2. 2. © 2014 KPMG, an Indian Registered Partnership and a member firm of the KPMG network of independent member firms affiliated with KPMG International Cooperative (“KPMG International”), a Swiss entity. All rights reserved. During the year under consideration, the taxpayer received an amount from Godfrey Philips India Ltd. (GPI), an Indian company, on contract/s executed in India. The taxpayer claimed that there was no Permanent Establishment (PE) in India under the India-Mauritius tax treaty (the tax treaty), and therefore, the business income earned from GPI could not be brought to tax in India. The taxpayer relied on the decision of Andhra High Court in the case of Visakhapatnam Port Trust 2 and the co-ordinate bench decision in the case of Airlines Rotables Ltd. 3 to support its stand. However, this amount was assessed as business income by the Assessing Officer (AO) on the grounds that the taxpayer has a PE in India. Tribunal’s ruling The word ‘permanent’ in the term ‘permanent establishment’ does not signify a permanent character, or that the right to use the place should be perpetual, but that there must be a certain degree of permanence. A fixed place would include a movable place of business, viz. a petroleum drilling rig may constitute a PE if it is moved frequently from one location to another. How the fixed place or the right to use the same is secured is of little significance and the same may be owned, rented or otherwise acquired in any other manner. The establishment must have a commercial coherence or purpose, without the same, the enduring quality would be immaterial. Even the securing of the relevant contract, valued at over INR75 million (GBP1.276 million), would require extensive execution and thus, presence in India. The project required a deep conviction on the part of the customer/client of the continued presence over the period of the contract, which is itself indefinite, in-as-much as each subsequent phase would ensue only on the satisfactory completion of the preceding one. The ‘base documents’ submitted by the taxpayer outlines that the application of RPIP would require that GPI share ideas which would be combined with that of the taxpayer. The clients, as the GPI, would be unaware of RPIP whose theory, mechanics, methodologies, etc. would be required to be explained to their personnel, and the taxpayer would be required to participate actively in its implementation, and thus responsible for its success. Accordingly, constant interaction at all levels, or at least upto the senior management level, between the personnel of the contracting parties is contemplated. _______________ 2 CIT v. Visakhapatnam Port Trust [1983] 144 ITR 146 (AP) 3 Airlines Rotables Ltd. v. JDIT [2011] 44 SOT 368 (Mum) In this project, the initial exchanges and interactions are to form the basis of the preliminary analysis and proposals, followed by a detailed study. The study is to be followed by its actual implementation. Constant feedback viz. formal and informal, on a regular and defined basis, and review, is also contemplated. This would ensure that the correctives and changes, validating or revising the assumptions made, are applied, and thereby the implementation stays on course, towards the desired objective. Accordingly, it is essentially an interactive exercise which assumes various forms, viz. interviews, interactions, exchanges, meetings, training sessions, seminars, etc., as suitable for the specific objective at hand. The initial understanding of the project had crystallised into a definite program of implementation on the basis of regular interactions between the parties, which requires the taxpayer’s presence in India. The top management’s role was to provide strategic guidance and policy framework to the extent required for the project at hand. Further, the taxpayer continues its same personnel for the sake of better and smooth implementation of the project. The continued presence of the taxpayer, and not of its particular person is relevant. The contention of the taxpayer that the personnel are operating from different places, hence there is no fixed place of business, is not acceptable since the location in case of a field job, as of a salesman, has necessarily to be a shifting one. Such location is being fixed in terms of its operating parameter/s, and the continued physical presence in India at the different locations as warranted by the exigencies of the contract. A fixed place of business, as contemplated in the definition of PE under Article 5 of the tax treaty, does not imply or is confined to a place where the top management of the company is located. A branch of an enterprises may be its PE. It is for the taxpayer to specify as to how and from where it has performed its work during its continued stay of 874 man-days for the consultants and 81 days for the principal consultants, since it was in the intimate knowledge of its affairs.
  3. 3. © 2014 KPMG, an Indian Registered Partnership and a member firm of the KPMG network of independent member firms affiliated with KPMG International Cooperative (“KPMG International”), a Swiss entity. All rights reserved. The communications between taxpayer’s personnel in India and the head office has been carried out in India from a place in the vicinity of the place of the stay. Further, whether the communication has taken place from the hotel room through the medium of internet using laptops – a tangible asset/s, by the personnel, or similar facilities provided by the hotel or by a retail outlet providing such services is immaterial. Based on the modus operandi to be adopted, the regular interviews, interactions, meetings, training sessions and seminars, etc., both by the consultants and the principal consultants at the GPI’s premises, is as much a part of the work undertaken by the taxpayer, as is the independent collection, collation, analysis and review, etc. of the data/information being sought from the organisation during any phase of the project management. The stated deliverables for the projects are in complete harmony and sync with the stated objectives of the RPIP. Accordingly, the services rendered by the taxpayer were not merely preparatory and auxiliary services though contended by the taxpayer. Based on the work nature/profile and the modus operandi followed, it is concluded that some place is at the disposal of the taxpayer or its employees during the entire period of the stay in India. Accordingly, there is a fixed place PE of the taxpayer in India. Our comments Taxability of foreign companies providing services to an Indian enterprise through its employees/personnel has been a subject matter of debate before the courts. In the present case, the Tribunal held that a fixed place PE, as contemplated under Article 5 of the tax treaty, does not imply to be a place where the top management of the company is located. Also, such fixed place PE may be owned, rented or otherwise acquired in any other manner. In order to complete huge contract from the Indian company, the taxpayer’s extensive execution and continued presence over the indefinite period of the contract was required for which the taxpayer had some place at its disposal. Based on the nature of work and method of operation of the taxpayer, the Tribunal held that there is a fixed place PE of the taxpayer in India. In line with the OECD commentary, the Tribunal observed that in order to determine existence of the PE, not only there should be a physical location through which the business of the foreign enterprise is carried out, but also such a place should be at the disposal of the foreign enterprise in the sense that the foreign enterprise should have some sort of a right to use the said physical location for its own business. In the case of Convergys Customer Management 4 , the employees of the taxpayer frequently visited the premises of an Indian company to provide supervision, direction and control over the operations of the Indian company and such employees had a fixed place of business at their disposal. Accordingly, the Delhi Tribunal held that the taxpayer has a fixed place PE in India under Article 5(1) of the India-USA tax treaty. ______________________ 4 Convergys Customer Management v. ADIT [ITA No. 1443/Del/2012 &5243/Del/2011]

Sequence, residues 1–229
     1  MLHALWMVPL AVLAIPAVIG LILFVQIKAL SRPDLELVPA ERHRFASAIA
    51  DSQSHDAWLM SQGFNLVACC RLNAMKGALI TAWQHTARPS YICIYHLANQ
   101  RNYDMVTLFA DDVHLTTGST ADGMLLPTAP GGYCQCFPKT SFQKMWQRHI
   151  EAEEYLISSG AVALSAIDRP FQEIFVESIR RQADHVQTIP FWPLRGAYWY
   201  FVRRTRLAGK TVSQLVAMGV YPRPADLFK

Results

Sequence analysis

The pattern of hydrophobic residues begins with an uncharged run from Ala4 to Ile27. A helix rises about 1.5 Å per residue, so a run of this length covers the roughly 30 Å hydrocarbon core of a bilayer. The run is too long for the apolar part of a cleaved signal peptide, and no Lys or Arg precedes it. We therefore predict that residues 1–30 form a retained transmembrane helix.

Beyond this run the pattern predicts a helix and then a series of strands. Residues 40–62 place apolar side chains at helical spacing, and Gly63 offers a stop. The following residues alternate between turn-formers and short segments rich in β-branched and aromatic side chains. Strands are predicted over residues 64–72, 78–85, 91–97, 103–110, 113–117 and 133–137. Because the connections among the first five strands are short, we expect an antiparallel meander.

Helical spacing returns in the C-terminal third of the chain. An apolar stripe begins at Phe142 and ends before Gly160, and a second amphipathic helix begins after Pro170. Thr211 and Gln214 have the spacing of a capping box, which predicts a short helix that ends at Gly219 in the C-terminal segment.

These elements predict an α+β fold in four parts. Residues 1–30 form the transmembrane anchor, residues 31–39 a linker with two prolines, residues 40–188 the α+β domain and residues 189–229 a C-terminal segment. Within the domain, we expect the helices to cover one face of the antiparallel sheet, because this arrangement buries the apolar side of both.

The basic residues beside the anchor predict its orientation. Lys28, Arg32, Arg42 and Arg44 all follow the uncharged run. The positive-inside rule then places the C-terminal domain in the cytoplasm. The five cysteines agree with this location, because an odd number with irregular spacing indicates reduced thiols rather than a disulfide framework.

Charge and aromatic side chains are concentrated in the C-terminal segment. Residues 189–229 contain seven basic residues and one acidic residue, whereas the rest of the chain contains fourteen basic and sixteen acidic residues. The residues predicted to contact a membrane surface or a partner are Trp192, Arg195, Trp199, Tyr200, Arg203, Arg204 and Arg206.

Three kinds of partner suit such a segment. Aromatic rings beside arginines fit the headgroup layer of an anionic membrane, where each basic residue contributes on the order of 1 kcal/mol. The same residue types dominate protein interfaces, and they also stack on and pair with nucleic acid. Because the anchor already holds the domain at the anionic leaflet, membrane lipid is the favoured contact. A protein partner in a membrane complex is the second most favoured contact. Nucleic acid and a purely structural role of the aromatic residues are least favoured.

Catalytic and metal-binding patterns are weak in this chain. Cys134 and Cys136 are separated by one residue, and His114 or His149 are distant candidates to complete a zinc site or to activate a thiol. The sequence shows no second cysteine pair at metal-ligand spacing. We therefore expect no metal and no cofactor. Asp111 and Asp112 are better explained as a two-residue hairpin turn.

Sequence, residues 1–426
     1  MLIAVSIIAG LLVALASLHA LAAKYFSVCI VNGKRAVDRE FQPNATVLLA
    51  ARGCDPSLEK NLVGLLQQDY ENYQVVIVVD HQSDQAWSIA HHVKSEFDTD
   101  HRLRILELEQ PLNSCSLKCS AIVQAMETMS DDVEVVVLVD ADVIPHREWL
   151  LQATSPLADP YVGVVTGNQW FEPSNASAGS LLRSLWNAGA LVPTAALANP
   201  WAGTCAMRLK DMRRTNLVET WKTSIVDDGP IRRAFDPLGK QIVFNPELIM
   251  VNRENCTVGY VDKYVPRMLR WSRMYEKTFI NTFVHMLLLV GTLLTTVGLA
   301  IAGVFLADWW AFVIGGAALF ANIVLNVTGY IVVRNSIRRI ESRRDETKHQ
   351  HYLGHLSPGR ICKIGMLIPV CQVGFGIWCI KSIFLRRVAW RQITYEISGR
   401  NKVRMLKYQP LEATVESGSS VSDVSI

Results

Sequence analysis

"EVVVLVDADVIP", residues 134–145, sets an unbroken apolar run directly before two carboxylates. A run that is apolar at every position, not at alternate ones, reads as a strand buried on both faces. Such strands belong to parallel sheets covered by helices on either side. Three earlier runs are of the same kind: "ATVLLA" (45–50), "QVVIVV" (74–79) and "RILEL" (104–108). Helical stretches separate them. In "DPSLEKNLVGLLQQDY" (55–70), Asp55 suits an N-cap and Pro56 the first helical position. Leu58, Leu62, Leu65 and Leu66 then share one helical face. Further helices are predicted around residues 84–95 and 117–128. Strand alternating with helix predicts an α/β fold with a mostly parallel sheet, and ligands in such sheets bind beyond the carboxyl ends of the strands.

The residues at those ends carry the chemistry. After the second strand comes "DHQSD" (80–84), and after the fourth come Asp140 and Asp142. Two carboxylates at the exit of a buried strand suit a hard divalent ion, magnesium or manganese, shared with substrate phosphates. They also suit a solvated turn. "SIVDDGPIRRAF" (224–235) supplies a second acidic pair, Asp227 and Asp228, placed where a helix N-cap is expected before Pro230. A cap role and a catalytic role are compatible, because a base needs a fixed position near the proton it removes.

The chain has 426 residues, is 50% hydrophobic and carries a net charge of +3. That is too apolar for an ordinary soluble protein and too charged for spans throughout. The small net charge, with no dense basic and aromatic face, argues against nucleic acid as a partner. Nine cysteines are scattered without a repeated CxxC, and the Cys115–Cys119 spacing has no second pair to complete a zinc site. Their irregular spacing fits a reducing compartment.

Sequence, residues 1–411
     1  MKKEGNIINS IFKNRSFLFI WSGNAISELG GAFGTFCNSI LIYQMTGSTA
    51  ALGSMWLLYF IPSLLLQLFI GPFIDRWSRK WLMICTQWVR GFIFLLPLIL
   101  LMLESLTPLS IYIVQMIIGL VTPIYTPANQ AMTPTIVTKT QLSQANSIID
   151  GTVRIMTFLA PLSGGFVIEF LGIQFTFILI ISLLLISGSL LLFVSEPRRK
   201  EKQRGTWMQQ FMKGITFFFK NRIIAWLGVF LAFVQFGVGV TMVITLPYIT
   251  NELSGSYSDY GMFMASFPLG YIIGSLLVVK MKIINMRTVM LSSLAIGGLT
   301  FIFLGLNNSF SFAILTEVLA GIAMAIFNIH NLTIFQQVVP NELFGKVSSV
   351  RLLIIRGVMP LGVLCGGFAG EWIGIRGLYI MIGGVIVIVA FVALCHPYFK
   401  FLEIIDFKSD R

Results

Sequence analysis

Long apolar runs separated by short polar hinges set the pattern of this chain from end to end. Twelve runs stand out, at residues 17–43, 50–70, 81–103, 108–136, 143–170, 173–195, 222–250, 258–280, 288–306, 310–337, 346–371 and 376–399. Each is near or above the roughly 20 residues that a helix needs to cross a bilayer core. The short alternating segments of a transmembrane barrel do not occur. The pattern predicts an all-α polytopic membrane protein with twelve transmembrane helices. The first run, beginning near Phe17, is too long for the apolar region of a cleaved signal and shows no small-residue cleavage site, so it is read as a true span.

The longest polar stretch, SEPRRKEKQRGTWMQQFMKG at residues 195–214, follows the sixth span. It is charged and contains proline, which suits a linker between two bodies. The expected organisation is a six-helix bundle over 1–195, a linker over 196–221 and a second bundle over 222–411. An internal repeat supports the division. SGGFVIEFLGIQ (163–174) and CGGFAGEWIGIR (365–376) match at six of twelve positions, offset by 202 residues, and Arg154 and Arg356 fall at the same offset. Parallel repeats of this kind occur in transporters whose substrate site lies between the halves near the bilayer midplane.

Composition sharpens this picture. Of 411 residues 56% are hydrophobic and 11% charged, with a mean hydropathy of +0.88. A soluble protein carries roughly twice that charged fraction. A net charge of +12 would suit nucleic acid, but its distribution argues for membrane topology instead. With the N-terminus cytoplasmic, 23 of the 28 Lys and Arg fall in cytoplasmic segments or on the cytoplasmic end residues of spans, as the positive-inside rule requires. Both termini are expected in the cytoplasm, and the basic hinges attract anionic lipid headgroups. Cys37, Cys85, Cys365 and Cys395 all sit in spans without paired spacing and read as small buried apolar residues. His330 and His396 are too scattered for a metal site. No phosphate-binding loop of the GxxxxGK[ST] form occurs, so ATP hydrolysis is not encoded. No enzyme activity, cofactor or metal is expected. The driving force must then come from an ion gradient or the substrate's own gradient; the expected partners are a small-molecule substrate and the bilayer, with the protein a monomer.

4. 4. © 2014 KPMG, an Indian Registered Partnership and a member firm of the KPMG network of independent member firms affiliated with KPMG International Cooperative (“KPMG International”), a Swiss entity. All rights reserved. The information contained herein is of a general nature and is not intended to address the circumstances of any particular individual or entity. Although we endeavour to provide accurate and timely information, there can be no guarantee that such information is accurate as of the date it is received or that it will continue to be accurate in the future. No one should act on such information without appropriate professional advice after a thorough examination of the particular situation. © 2014 KPMG, an Indian Registered Partnership and a member firm of the KPMG network of independent member firms affiliated with KPMG International Cooperative (“KPMG International”), a Swiss entity. All rights reserved. The KPMG name, logo and “cutting through complexity“ are registered trademarks of KPMG International Cooperative (“KPMG International”), a Swiss entity. www.kpmg.com/in Ahmedabad Commerce House V, 9th Floor, 902 & 903,Near Vodafone House,Corporate Road, Prahlad Nagar, Ahmedabad – 380 051 Tel: +91 79 4040 2200 Fax: +91 79 4040 2244 Bangalore Maruthi Info-Tech Centre 11-12/1, Inner Ring Road Koramangala, Bangalore 560 071 Tel: +91 80 3980 6000 Fax: +91 80 3980 6999 Chandigarh SCO 22-23 (Ist Floor) Sector 8C, Madhya Marg Chandigarh 160 009 Tel: +91 172 393 5777/781 Fax: +91 172 393 5780 Chennai No.10, Mahatma Gandhi Road Nungambakkam Chennai 600 034 Tel: +91 44 3914 5000 Fax: +91 44 3914 5999 Delhi Building No.10, 8th Floor DLF Cyber City, Phase II Gurgaon, Haryana 122 002 Tel: +91 124 307 4000 Fax: +91 124 254 9101 Hyderabad 8-2-618/2 Reliance Humsafar, 4th Floor Road No.11, Banjara Hills Hyderabad 500 034 Tel: +91 40 3046 5000 Fax: +91 40 3046 5299 Kochi 4/F, Palal Towers M. G. Road, Ravipuram, Kochi 682 016 Tel: +91 484 302 7000 Fax: +91 484 302 7001 Kolkata Unit No. 603 – 604, 6th Floor, Tower – 1, Godrej Waterside, Sector – V, Salt Lake, Kolkata 700 091 Tel: +91 33 44034000 Fax: +91 33 44034199 Mumbai Lodha Excelus, Apollo Mills N. M. Joshi Marg Mahalaxmi, Mumbai 400 011 Tel: +91 22 3989 6000 Fax: +91 22 3983 6000 Pune 703, Godrej Castlemaine Bund Garden Pune 411 001 Tel: +91 20 3050 4000 Fax: +91 20 3050 4010